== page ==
Sometimes I really wonder what is going through the minds of those who pick the Newbery Medal books. There are those Newbery Medals that are really wow! books, and there are those that are more eh, shrug, move on. Then there are the books that I’ve really questioned, like Secret of the Andesbeating Charlotte’s Web, or Daniel Boonewinning the Medal over By the Shores of Silver Lake.
Universe is a book that I question.
For one thing, the plot of this book is glacially
slow. There are 311 pages, and 231 of those pages cover the same day. The entire plot of the book is based around a couple
of hours in the lives of four kids, and there’s simply not enough excitement to
make the pace feel fast at all. In addition, the plot itself is simplistic and
bare-bones. The characters stand around and talk most of the time. And Chet,
the bully, is stereotypical and overexaggerated. At least Kelly gave some
insight into his behavior by giving him chapters that explored his home
For another, Kelly utilizes the most irritating trend of contemporary literature: the third person/first person point of view switch. I have never understood this. It’s more annoying than first person present tense. Of the four kids, three of them get 3rd person treatment. Valencia gets 1st person. Why? What is the point? Also, why are her chapters only ever titled “Valencia”? Everyone else gets titled chapters as per the content. Valencia’s chapters are only ever given her name. Why? What is the point?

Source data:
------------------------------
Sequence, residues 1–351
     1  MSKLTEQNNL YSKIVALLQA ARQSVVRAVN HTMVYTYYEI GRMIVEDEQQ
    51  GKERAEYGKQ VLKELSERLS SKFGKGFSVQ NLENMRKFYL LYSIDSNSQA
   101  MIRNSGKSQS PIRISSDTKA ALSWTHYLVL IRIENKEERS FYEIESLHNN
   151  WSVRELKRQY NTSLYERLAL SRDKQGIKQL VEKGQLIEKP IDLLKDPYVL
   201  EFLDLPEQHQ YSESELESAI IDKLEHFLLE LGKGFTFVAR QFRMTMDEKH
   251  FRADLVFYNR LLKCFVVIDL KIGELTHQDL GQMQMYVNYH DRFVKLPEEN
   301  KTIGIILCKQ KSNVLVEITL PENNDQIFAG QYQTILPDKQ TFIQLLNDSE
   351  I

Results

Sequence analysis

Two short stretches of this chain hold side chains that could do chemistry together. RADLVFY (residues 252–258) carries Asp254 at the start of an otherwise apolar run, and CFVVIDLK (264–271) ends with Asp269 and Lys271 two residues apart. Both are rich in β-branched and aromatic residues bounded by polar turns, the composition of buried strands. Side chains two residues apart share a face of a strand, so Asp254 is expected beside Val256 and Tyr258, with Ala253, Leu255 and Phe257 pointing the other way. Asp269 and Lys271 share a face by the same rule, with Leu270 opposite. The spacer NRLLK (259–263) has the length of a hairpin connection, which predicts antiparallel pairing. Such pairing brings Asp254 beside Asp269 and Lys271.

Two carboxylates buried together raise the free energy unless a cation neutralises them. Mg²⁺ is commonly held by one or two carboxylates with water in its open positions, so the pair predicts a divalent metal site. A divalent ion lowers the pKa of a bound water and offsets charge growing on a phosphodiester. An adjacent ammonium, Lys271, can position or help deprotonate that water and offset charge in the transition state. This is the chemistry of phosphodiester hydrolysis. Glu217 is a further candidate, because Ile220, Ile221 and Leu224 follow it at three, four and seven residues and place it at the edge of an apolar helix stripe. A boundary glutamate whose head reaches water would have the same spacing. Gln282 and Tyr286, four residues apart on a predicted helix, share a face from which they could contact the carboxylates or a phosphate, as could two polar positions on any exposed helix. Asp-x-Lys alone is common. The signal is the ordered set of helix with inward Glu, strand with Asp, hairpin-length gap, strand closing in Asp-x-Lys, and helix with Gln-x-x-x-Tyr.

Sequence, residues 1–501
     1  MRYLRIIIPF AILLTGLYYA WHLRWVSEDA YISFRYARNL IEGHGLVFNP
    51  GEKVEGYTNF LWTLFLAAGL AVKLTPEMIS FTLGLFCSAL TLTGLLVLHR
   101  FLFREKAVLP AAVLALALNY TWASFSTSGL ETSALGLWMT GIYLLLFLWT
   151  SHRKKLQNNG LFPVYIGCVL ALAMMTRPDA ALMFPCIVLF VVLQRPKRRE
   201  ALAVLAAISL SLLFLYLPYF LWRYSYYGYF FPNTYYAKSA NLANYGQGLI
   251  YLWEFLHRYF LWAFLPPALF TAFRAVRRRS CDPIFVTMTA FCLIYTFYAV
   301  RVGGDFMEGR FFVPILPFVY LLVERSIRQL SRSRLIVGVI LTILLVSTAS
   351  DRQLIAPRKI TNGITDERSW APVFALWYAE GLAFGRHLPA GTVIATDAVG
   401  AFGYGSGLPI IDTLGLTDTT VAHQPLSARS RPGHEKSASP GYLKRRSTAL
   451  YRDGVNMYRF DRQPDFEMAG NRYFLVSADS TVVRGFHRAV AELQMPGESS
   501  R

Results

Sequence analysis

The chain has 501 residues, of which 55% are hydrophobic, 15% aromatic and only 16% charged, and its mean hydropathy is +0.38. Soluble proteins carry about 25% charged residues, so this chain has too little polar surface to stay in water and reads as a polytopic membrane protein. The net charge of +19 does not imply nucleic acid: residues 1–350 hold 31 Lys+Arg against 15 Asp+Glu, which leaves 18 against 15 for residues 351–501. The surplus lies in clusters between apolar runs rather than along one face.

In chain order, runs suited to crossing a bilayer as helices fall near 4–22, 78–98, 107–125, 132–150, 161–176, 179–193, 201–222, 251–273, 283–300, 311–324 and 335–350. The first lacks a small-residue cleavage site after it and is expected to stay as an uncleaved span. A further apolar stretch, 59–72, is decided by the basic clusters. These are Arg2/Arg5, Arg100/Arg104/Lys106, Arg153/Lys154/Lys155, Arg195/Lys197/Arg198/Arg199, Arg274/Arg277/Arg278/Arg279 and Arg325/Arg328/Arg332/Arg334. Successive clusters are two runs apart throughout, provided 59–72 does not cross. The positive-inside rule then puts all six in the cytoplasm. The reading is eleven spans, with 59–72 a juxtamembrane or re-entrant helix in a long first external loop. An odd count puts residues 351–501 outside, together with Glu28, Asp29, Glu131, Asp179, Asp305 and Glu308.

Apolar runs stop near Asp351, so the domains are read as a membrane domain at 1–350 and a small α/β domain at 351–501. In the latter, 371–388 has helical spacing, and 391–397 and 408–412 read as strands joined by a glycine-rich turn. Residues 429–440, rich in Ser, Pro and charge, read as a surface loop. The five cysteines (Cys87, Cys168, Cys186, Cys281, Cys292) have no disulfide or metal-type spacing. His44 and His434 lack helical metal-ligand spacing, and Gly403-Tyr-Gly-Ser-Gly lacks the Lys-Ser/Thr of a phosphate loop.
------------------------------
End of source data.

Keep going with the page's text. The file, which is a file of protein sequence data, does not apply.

This book does, though, offer fascinating insight into the minds of readers today. They seem to value diversity over everything else, even story, and they expect their diverse characters to act appropriately diversely by following quite rigid patterns and speaking and acting only in ways that are deemed appropriate. This book celebrates diversity, with Virgil (Filipino), Kaori (Japanese), and Valencia (deaf), and then showcases that diversity everywhere. “Look at this book! It’s diverse!” is shouted from every page. This is a good thing, and Kelly avoids old stereotypes in all of her portrayals, though her attempts at bullying were a little excessive, in my opinion.
Yet, in my opinion, Kelly sacrifices a good story at the altar of diversity. What good is highlighting diversity if you can’t also create a compelling, interesting story? It is possible to create fantastic stories with diverse characters, so why are people seemingly settling for less? All Hello, Universe shows is that Kelly capitalized on the diversity trend without bothering with what makes a book actually memorable and long-lasting, which is the story. In my opinion, it cheapens diversity to a selling point.
Recommended Age Range: 8+
Warnings: Psychics, astrology, way too many uses of the word “retard.”